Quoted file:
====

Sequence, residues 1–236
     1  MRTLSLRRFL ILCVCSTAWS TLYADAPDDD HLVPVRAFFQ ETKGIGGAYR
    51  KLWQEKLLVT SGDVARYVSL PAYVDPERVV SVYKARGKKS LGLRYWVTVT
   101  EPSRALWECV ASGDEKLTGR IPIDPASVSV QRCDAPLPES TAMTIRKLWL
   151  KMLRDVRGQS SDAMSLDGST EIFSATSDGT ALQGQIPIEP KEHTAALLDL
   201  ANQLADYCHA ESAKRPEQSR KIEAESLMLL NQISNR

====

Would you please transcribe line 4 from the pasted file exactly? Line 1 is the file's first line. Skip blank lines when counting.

   101  EPSRALWECV ASGDEKLTGR IPIDPASVSV QRCDAPLPES TAMTIRKLWL